In this scenario, Apple would keep the 4K iMac around as is, with the older cooling system and options for spinning disks that allow the base price of the iMac to stay low. I hate spinning disks and wish Apple would remove them from the product line entirely, but I get the argument that the low-end iMac really needs to hit a particular price point. (Did you know that Apple still sells a non-Retina 21.5-inch iMac for $1,099? It’s true.)
A more stable macOS update cycle
After a tumultuous transition to macOS Catalina, I predict that this summer’s OS update announcements will focus a bit more on improving existing features rather than pulling the rug out from under developers. The real question is, will Mac Catalyst be substantially improved, or does Apple think that it’s a solved problem?
If you talk to developers, it seems like there’s a lengthy list of things that should be improved in Catalyst. These improvements would aid in the transition of apps from iOS to Mac, and would improve the quality of those apps once they reach the Mac. It would seem to be a no-brainer of a decision on Apple’s part, but Catalyst seems to have not progressed as much as you’d think between its tease in the summer of 2018 and when it shipped in the fall of 2019.
I want Apple to embrace Catalyst and fix its faults, but I think the safest bet is that Apple will make a set of Catalyst improvements that are somewhat helpful but frustrating in their limitations, and we’ll be here next year complaining about how Catalyst hasn’t made the impact we thought it would. I hope I’m wrong.
I’ll also predict that Apple’s own Mac apps built with Catalyst won’t be appreciably improved in 2020. This is just based on what we saw in 2019, when the somewhat laughable Home, Stocks, Voice Recorder, and News apps didn’t get much better. Will Apple’s Podcasts app for Mac
become less weird? Maybe a little, but I wouldn’t expect miracles. Apple seems to think these apps are good enough.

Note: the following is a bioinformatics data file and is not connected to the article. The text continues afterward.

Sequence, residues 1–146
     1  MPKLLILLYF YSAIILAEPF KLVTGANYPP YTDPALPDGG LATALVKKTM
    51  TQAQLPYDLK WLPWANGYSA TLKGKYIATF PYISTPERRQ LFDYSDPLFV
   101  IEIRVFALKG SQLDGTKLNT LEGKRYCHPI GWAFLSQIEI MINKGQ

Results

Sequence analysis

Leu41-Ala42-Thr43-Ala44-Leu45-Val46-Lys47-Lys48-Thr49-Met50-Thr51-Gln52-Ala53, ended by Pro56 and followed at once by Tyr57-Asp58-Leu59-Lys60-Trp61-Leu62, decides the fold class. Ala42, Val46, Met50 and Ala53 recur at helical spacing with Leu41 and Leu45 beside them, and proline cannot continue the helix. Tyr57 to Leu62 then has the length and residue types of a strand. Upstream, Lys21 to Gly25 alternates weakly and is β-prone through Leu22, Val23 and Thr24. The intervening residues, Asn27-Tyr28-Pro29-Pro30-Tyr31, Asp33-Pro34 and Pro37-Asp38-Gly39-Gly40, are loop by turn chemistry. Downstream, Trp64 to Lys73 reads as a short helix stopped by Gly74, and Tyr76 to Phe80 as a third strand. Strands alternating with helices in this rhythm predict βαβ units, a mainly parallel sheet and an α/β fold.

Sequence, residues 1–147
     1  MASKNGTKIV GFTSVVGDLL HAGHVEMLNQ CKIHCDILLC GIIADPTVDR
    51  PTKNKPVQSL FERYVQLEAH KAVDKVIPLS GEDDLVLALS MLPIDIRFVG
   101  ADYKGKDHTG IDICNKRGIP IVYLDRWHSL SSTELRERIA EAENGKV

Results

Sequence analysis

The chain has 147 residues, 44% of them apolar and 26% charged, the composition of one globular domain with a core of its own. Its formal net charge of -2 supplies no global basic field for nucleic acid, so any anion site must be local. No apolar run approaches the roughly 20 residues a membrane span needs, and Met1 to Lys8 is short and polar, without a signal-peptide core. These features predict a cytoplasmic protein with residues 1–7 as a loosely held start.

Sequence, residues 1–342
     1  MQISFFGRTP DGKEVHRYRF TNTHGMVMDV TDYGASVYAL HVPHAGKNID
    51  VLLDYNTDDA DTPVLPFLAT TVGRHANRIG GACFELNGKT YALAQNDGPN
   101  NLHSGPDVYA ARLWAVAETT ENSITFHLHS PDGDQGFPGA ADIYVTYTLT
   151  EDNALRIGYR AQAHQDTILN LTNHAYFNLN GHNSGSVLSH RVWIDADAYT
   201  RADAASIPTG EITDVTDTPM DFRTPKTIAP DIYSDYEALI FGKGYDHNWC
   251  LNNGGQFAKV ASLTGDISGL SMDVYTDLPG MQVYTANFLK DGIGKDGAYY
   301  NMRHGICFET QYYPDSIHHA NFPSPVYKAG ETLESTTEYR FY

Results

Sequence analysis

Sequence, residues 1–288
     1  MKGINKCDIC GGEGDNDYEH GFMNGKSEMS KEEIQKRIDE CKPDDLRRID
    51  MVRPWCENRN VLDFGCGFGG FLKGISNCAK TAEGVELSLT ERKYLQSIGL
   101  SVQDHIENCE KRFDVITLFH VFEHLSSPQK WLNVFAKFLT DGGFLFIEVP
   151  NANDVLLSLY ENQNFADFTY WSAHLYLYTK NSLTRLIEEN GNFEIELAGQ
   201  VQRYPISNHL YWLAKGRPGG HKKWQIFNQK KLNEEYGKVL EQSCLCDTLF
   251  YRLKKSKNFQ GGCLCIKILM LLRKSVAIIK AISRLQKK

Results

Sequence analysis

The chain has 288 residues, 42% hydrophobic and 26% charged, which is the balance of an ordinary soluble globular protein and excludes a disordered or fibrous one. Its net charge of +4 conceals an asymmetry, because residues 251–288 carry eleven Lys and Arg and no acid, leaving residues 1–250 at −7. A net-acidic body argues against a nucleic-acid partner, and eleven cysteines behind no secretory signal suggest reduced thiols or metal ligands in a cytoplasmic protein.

Annual ARM prediction
Now it’s time for me to make the prediction I’ve made for the last few years. It’ll be true one of these years, surely. Will Apple announce its intentions to ship a Mac that runs on an Apple-designed ARM processor like the ones it currently uses in iPads and iPhones?
I kind of want to predict that it won’t happen this year, just out of exhaustion. But I can’t. There are too many signs pointing to Apple making an ARM transition on the Mac. The perfect place for Apple to introduce an ARM-based Mac would be a low-end consumer laptop, a corner of Apple’s product line that’s a little barren now that the 12-inch MacBook has been discontinued.
If Apple could ship an iPad Pro in the fall of 2018 that was faster than 92 percent of all the laptops sold the previous year, one would think that an ARM Mac would be fast and remarkably power efficient. And since Apple controls its developer tools, it should be able to make it relatively easy for developers to rebuild their apps for ARM processors. And the removal of of 32-bit compatibility from macOS in Catalina was probably necessary for an ARM transition.
So here I am, Charlie Brown, running at the football and hoping this will be the time Lucy doesn’t pull it away. 2020 is the year where Apple will release a Mac that doesn’t run on an Intel processor.